Semiconductor chip manufacturing in the U.S. is in a critical place as the country pours billions into domestic chip production to ease the burden of dependence on importing chips from Asian markets.
This is the U.S.’ biggest push into industrial policy since World War II. However one crucial asset to succeed in domestic semiconductor ship manufacturing is lacking: a skilled labor force. As manufacturers make big pledges to help the U.S. in this endeavor, a shortage of employees from engineers to electricians to pipe fitters is slowing down progress of building microchip fabrication plants—or fabs—before semiconductor manufacturing can begin.
According to Bloomberg, unemployment in the U.S. is at the lowest it has been in more than half a century, while the number of job openings is near an all-time high. The deficit of available US based workers could cause a new wave of offshoring jobs, which is what the Chips and Science Act of 2022 from the Biden-Harris Administration is meant to prevent.
The growing talent shortage
In a study on the 2023 semiconductor industry outlook, in2021, the semiconductor workforce was estimated at more than two million worldwide, but the workforce will need to grow by more than one million additional skilled workers by 2030.
If the U.S. focuses on meeting domestic demand for critical semiconductor applications, another report found that the U.S. will need between 18 and 20 additional fabrication facilities staffed by 70,000 to 90,000 highly skilled personnel.
Micron Technology, a memory and storage solutions producer, is planning to invest $100 billion for a semiconductor manufacturing campus in Clay, New York and is scheduled to start construction next year. A major problem, however, is the lack of skilled workers in the area. Even the nearby Syracuse University might not be able to provide a big enough pipeline for workers to stay in an area with a declining population.
“They’re looking for engineers—lots of different engineers—and so these are folks that are going to have to have a college degree in engineering and there’s going to be various types of engineers that they’re going to be looking for,” said Wall Street Journal reporter Joseph De Avila.
De Avila says that Micron is working with different training centers to try and assist with workforce development. Companies have recently been establishing programs or partnerships to help address skills gaps in the technology field, beyond just semiconductor production. Overall, there’s going to be a 20 percent increase in demand for engineers over the next five years across the U.S., according to the Journal.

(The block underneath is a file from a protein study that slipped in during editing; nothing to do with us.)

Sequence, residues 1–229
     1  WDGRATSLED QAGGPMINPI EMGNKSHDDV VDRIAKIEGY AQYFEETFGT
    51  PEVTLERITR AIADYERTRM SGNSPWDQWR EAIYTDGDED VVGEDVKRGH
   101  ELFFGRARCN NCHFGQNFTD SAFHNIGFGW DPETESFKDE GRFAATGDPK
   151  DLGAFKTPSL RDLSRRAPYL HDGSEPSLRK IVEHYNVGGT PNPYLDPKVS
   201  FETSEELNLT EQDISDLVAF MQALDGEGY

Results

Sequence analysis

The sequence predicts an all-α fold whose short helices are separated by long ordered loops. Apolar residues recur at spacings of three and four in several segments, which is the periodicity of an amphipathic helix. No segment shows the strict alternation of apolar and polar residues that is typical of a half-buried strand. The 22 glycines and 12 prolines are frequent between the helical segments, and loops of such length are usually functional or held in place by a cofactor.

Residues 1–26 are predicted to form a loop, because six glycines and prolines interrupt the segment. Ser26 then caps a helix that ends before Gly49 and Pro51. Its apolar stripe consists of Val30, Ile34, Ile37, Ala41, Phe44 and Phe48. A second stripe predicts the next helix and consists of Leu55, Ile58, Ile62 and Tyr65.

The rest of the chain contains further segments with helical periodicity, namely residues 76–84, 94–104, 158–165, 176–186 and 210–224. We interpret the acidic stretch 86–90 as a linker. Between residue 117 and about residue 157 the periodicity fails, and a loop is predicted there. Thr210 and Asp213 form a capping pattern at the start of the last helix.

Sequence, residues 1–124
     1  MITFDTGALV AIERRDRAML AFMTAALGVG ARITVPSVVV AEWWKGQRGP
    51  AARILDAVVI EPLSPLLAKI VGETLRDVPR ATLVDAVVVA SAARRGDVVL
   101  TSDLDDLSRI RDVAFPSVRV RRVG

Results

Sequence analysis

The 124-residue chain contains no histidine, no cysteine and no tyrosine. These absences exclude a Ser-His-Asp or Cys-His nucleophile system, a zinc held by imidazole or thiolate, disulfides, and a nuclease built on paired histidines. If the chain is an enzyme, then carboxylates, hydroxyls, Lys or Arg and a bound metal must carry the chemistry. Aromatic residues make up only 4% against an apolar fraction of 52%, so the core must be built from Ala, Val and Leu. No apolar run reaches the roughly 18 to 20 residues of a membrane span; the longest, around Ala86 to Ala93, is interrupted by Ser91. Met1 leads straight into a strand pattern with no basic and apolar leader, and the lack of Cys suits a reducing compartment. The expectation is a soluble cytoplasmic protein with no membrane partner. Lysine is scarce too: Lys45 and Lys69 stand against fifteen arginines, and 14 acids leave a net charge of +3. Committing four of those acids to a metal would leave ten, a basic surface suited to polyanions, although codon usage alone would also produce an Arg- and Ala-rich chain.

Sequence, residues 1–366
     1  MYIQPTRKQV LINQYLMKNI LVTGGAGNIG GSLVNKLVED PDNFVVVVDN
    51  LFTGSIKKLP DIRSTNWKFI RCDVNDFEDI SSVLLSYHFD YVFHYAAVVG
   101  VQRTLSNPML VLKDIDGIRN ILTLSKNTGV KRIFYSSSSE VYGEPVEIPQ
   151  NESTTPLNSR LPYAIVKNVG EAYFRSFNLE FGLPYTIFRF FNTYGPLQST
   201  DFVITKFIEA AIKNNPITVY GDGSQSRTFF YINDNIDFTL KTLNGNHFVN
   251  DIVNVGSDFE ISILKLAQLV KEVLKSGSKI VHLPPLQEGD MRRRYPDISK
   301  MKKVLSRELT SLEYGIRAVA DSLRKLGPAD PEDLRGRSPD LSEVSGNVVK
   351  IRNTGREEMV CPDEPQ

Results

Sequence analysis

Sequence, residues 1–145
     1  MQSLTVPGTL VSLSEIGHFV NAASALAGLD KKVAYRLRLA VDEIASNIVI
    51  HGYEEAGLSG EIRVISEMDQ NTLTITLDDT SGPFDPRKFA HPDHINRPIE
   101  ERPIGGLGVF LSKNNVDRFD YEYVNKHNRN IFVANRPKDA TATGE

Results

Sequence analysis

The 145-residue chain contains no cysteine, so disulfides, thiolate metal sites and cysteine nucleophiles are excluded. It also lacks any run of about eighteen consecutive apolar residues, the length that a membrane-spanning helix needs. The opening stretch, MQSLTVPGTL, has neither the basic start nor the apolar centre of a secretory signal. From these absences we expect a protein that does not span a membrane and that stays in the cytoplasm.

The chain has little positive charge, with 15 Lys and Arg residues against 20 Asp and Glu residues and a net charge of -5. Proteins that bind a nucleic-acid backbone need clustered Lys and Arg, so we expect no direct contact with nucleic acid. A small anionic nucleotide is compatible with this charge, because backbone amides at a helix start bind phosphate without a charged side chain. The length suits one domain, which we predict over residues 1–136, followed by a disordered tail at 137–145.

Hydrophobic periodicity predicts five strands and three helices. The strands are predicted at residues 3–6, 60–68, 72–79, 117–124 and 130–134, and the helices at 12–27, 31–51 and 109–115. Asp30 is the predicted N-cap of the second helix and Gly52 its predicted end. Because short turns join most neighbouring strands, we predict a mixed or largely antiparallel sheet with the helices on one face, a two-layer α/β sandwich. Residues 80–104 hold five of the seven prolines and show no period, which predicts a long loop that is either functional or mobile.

Remediating the issue
When seeking a solution for closing the skills gap, organizations have begun looking into various training programs and best practices. Investing in programs that promote diversity and provide opportunities for marginalized groups is one way for organizations to close the gap.
Traditionally, Science, Technology, Engineering and Mathematics (STEM) fields have been dominated by men, but in recent years this has shifted to be more inclusive and has opened up more opportunities to fill positions of need.
HCLTech CEO and Managing Director C. Vijayakumar notes that gender diversity is a key strategic priority and that it needs to be integral to the strategy of the company.
“Gender diversity must be viewed as a very important tool to make significant progress in business,” Vijayakumar said, adding that HCLTech has increased its percentage of women in the workforce from 23-24 percent six or seven years ago to more than 30 percent today.
Vijayakumar also stated that it’s not enough to simply hire more women, rather there must be a conscious effort to hire women in important roles and functions.
Along with HCLTech’s Women Lead Mentorship Program, the company also provides other programs to increase diversity in IT roles and up skill workers, including the Find Your Spark internship program and HCLTech’s TechBee Early Career Program.